The SC, in its ruling, clearly lays out a roadmap for the precedent they want Parsons to follow for awarding Type II damages
Regarding Goodstein, The Eighth Circut commented that it was “not as confident . . . that Goodstein . . . should be read as categorically precluding benefit-of-thebargain damages for all breaches of binding preliminary agreements to negotiate a final agreement in good faith.” The Eighth Circuit then proceeded to analyze the question of whether Goodstein would bar expectation damages for breach of a Type II agreement.The Eighth Circuit questioned whether Goodstein would still apply if a judge could discern “what agreement would have been reached.” Ultimately, the Eighth Circuit declined to award expectation damages because the “[t]erm [s]heet was silent on significant issues” and “the missing terms [could not] be judicially determined by objective criteria in the [t]erm [s]heet itself or in commercial practice, usage, or custom.
In Venture Associates, the Seventh Circuit Court of Appeals addressed “a binding agreement to negotiate in good faith toward the formation of a contract of sale” under Illinois law. The majority noted that “if the plaintiff can prove that . . . [but] for the defendant’s bad faith[,] the parties would have made a final contract, then the loss of the benefit of the contract is a consequence of the defendant’s bad faith,” and the defendant is liable for that loss if it is foreseeable. And...“[t]he difficulty, which may well be insuperable, is that since by hypothesis the parties had not agreed on any of the terms of their contract, it may be impossible to determine what those terms would have been and hence what profit the victim of bad faith would have had.”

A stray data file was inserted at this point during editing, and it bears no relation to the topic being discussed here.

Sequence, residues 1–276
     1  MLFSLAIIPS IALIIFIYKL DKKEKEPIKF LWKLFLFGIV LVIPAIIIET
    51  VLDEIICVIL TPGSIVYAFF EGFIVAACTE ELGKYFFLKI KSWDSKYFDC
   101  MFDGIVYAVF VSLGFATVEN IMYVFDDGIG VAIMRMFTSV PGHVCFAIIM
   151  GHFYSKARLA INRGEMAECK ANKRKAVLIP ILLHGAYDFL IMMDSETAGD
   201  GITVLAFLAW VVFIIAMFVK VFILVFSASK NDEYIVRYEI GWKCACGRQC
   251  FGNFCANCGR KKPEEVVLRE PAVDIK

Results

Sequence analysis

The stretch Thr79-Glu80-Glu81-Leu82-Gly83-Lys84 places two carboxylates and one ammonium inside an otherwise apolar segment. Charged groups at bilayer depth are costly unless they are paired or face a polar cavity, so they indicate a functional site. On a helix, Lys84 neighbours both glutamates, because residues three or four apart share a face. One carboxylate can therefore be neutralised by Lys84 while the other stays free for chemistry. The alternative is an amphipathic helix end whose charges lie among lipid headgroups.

In SIGA v Pharmathene, the Delaware Supreme Court found that where the parties have a Type II preliminary agreement to negotiate in good faith, and the trial judge makes a factual finding, supported by the record, that the parties would have reached an agreement but for the defendant’s bad faith negotiations, the plaintiff is entitled to recover contract expectation damages. However, they also noted that "an expectation damages award presupposes that the plaintiff can prove damages with reasonable certainty...(“It is well-settled law that ‘a recovery for lost profits will be allowed only if their loss is capable of being proved, with a reasonable degree of certainty. No recovery can be had for loss of profits which are determined to be uncertain, contingent, conjectural, or speculative.’”"
See the trend? There really isn't that much that is uncertain about where the Delaware Supreme Court is looking to go. Everyone is in agreement that expectation damages are theoretically recoverable in these Type II good faith cases; the real difficulty is in the practical requirements: It must be found that both parties would have agreed to the terms of the future contract (Parsons gets around this one by claiming he knows they would have-which is ridiculous but is now a finding of fact so OK, whatever) AND it must be found, by objective criteria, that there would be no missing essential terms in the contract (This is the one it's all going to hinge on, Parsons already found there were missing essential terms and tried to get around this by making up 14 pages of additional imaginary terms and definitions in his final judgement to suppliment the two page LATS). It's that simple.